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Zhangjiajie: the real-life world of Avatar

By Zhou Jingxuan | Updated : Apr 21, 2021
Released in 2009, James Cameron’s Avatar was a box office blockbuster upon its arrival in cinemas and soon soared to the coveted title of “highest-grossing movie ever made”. The basic premise of the movie centers around Pandora, a mysterious alien moon planet rich in natural resources. On Pandora, billions of tons of rock are floating in the air like icebergs at sea, scraping against each other.

The floating Hallelujah Mountains are inspired by the Qiankun Column in Zhangjiajie National Forest Park. The 1,080-meter (3,540 ft) gigantic column towers above a tapestry of greens and cuts through a thin sheet of mist.

Qiankun Column is one of the more than 3,000 quartzite sandstone pillars and peaks across the breathtaking national park. Rising from a bed of lush forest, these rocky pillars and peaks seem to float in the air when shrouded by clouds and mist, soaring bluntly to the heavens. The pillar-like formations, dominating the scenery, are the result of millions of years of erosion. 

 01  A 300-million-year geological evolution

In the Devonian period, some 380 million years ago, Zhangjiajie was a coastal area joined by the vast sea. As time went by, the sea slowly receded and debris brought by rivers was gradually deposited. After millions of years, it finally became 500-meter-thick quartz sandstone, which is purple-red and hard.

For over three million years, the crust of the Zhangjiajie area had been rising slowly and intermittently. Thus, running water, known as the “carving knife of nature”, began to create its masterpieces on these quartz sandstones.

The flowing water on the surface kept eroding the bottom and sides of the riverbed, resulting in deepening and widening rivers. As the crust slowly uplifted over a long period of time, the flowing water continued to erode the surface, eventually cutting it into the flat-topped, steep-edged mesa-like mountains in Wulingyuan Scenic Area, such as Tianzi Mountain and Huangshi Village.

As water erosion intensified, the fissures in the rocks widened, thus some mesas were cut into sheer peak walls, such as Yangjia Village and Tianzi Mountain.

When the fissure further extended, the peak walls were sliced into rocky pillars and peaks. The lateral erosion of the flowing water often created caves at the bottom of these pillars and peaks. Due to their self-gravity, some collapsed, leaving only those with extremely strong impact resistance, forming the quartzite-sandstone peak forest towering over the landscape.

02  Irregular-shapedpillars and peaks

Quartz sandstone is not rare in China, but the one in Zhangjiajie is exceptional. As it is quite hard, it is highly resistant to weathering. Moreover, the minor inclination of the rock (generally less than 8°) is conducive to the stability of the pillars and peaks, thus forming the craggy peak forest. Otherwise, if the rock tilts too much, the sliding force of the rock will be greater than the friction force, and then the rock will collapse under the slight external force, making it difficult to form lofty pillars and peaks, but only short mounds.

Meanwhile, Zhangjiajie is located in the mountainous region of northwest Hunan, with a subtropical monsoon climate featuring a mild climate and abundant rainfall. Therefore, It boasts abundant forest resources, with a 98% forest coverage in the core scenic area, including evergreen broad-leaved forests, evergreen-deciduous broad-leaved mixed forest, and coniferous and broad-leaved mixed forest. The plants on the pillars and peaks are deeply rooted into the crevices while secreting organic acids, creating the crumbling rocks with rugged beauty.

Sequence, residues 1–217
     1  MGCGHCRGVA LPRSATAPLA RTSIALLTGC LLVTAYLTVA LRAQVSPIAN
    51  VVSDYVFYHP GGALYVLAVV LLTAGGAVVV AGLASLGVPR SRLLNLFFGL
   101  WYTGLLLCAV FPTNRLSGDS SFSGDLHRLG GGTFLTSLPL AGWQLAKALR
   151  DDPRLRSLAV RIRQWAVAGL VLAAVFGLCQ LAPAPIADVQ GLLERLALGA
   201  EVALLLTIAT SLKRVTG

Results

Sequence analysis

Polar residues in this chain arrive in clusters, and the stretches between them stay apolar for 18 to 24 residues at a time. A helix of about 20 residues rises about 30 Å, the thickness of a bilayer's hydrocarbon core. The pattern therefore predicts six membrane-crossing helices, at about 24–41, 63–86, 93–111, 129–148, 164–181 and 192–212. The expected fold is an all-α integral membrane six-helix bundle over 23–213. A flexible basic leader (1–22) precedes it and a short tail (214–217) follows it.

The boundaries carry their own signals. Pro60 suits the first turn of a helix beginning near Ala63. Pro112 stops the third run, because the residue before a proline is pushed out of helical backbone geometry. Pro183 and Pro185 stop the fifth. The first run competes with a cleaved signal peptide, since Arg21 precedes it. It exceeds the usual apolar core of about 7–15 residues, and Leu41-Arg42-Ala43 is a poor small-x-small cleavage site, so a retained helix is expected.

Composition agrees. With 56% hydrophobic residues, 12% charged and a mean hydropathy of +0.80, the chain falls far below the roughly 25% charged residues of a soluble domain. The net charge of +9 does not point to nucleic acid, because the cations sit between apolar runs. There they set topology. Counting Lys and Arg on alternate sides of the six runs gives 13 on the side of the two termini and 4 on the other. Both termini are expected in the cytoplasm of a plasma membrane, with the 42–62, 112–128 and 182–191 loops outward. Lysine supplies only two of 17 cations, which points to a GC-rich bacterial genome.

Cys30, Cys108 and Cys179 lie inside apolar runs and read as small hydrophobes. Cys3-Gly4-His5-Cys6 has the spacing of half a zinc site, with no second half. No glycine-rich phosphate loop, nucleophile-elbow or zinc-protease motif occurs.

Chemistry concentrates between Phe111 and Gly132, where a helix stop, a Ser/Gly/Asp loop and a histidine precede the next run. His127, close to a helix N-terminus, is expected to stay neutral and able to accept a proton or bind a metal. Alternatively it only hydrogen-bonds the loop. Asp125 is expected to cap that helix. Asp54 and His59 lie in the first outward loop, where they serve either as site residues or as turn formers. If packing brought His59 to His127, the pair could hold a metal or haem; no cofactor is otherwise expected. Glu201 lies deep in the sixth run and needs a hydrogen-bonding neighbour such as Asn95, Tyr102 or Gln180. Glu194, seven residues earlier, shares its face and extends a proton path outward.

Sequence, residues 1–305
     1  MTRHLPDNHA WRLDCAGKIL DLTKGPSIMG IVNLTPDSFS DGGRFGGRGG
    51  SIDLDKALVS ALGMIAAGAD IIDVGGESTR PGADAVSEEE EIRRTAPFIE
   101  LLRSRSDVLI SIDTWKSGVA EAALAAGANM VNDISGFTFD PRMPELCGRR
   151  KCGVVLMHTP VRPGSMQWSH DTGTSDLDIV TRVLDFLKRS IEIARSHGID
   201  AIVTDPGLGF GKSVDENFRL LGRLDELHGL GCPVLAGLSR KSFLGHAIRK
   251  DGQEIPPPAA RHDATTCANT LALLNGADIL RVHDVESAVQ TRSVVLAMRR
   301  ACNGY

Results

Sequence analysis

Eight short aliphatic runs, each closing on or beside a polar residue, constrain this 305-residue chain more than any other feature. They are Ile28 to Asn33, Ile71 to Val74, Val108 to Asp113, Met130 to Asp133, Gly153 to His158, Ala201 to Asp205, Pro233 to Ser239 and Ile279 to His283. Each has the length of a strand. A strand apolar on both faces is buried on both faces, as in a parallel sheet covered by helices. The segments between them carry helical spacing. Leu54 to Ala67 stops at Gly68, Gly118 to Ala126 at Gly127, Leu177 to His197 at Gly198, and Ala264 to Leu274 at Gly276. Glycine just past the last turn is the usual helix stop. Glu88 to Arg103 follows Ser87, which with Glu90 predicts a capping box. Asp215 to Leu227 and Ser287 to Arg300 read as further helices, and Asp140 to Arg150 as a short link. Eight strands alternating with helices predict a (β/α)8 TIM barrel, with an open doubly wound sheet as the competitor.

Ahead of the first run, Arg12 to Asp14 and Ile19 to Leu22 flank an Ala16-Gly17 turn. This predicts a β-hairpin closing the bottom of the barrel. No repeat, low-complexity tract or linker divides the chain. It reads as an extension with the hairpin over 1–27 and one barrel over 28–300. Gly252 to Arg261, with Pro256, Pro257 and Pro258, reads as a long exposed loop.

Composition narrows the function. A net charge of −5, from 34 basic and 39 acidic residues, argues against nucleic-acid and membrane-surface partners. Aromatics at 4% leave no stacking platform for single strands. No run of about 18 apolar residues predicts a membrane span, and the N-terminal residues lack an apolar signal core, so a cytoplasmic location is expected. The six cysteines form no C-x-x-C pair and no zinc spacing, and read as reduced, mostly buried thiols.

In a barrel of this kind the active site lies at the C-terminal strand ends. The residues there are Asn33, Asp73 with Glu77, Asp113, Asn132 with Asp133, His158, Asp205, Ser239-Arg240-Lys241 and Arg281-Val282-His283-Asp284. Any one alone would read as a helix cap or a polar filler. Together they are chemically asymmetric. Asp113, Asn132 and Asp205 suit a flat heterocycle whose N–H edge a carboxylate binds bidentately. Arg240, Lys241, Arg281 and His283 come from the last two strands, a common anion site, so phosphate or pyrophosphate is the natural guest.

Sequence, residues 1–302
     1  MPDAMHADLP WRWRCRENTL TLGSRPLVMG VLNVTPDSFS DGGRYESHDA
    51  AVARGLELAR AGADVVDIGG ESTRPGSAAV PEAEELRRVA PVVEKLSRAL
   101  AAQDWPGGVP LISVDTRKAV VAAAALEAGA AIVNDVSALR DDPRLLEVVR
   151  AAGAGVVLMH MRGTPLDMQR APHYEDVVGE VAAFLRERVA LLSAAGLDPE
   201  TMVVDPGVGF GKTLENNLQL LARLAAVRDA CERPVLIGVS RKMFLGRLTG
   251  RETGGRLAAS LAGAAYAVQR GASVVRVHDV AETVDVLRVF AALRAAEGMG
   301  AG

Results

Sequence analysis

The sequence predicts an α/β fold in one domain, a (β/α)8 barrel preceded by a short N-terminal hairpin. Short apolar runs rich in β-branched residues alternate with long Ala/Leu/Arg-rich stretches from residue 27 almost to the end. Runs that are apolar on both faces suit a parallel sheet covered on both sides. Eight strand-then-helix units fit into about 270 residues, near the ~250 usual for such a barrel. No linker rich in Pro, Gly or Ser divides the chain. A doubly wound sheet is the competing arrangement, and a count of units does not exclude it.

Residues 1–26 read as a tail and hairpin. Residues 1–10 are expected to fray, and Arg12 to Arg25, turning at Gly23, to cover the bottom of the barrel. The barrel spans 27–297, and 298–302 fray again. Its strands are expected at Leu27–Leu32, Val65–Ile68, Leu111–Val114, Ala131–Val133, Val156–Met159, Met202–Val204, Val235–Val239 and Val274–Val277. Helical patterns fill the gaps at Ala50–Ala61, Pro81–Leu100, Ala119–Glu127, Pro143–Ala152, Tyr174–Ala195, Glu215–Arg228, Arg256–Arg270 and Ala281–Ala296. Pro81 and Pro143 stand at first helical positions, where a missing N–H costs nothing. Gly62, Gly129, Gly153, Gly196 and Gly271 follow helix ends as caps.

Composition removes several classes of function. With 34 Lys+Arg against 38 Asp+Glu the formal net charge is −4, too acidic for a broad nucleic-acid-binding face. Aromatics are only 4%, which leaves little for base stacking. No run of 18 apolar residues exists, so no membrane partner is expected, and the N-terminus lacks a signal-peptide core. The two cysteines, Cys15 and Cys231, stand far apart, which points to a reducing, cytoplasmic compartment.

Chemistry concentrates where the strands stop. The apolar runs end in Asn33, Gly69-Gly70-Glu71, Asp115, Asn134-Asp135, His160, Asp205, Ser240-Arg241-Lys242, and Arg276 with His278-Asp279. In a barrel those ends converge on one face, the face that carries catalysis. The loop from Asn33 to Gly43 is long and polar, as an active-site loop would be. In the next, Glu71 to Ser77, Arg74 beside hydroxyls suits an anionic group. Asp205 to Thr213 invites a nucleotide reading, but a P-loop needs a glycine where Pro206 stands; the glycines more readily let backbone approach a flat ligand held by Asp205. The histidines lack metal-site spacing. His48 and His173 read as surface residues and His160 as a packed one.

03  Unique pine trees on the cliff

About 2.6 million years ago, glacial-interglacial cycles have waxed and waned throughout the Quaternary Period. Many plants and animals went extinct during the ice age, such as mammoths. Thankfully, Zhangjiajie features a great vertical distance, with varying temperatures and humidity at different altitudes, which makes it an ideal refuge for many plants and animals. In addition, it is in a mid-latitude region with a relatively mild climate, allowing for the rich cultivation of flora and fauna.

When the water eroded the surface, the plants growing on it did not wither away, but instead stubbornly rooted in the soil. Over time, as the crust rose and the pillars and peaks emerged, the Wuling pines either stood alone at the top of the peaks or rooted in the steep cliffs, becoming a unique view in the quartzite-sandstone peak forest.

Discovered in 1988, the Wuling pine is an endemic species of Zhangjiajie. Unlike the commonly seen horsetail pine, it is shorter to prevent it from falling due to the unsecured roots or rocks. Standing on the cliffs, its main water source is the erratic rainfall, therefore, in order to reduce evaporation, the pine needles of Wuling pine are short, thick, and hard, and the pine cones are small. For thousands of years, these tenacious pine trees have stood firm in the rock cracks despite the lashing wind and rain, embellishing this quartzite-sandstone peak forest.

Born 300 million years ago, the wondrous peaks of Zhangjiajie have been erecting for millions of years. To preserve this world wonder and its precious flora and fauna, Zhangjiajie National Forest Park, the first-ever in China, was established in 1982. In 2004, Zhangjiajie became one of the first World Geoparks for the protection of its rare geological heritage, and more stringent and effective protection measures are underway. In the near future, Zhangjiajie will become an even better tourist destination, welcoming visitors from all over the world to appreciate its miraculous charm.

Edited by Li Ling

2019 Zhangjiajie Bureau of Culture, Tourism, Broadcasting and Sports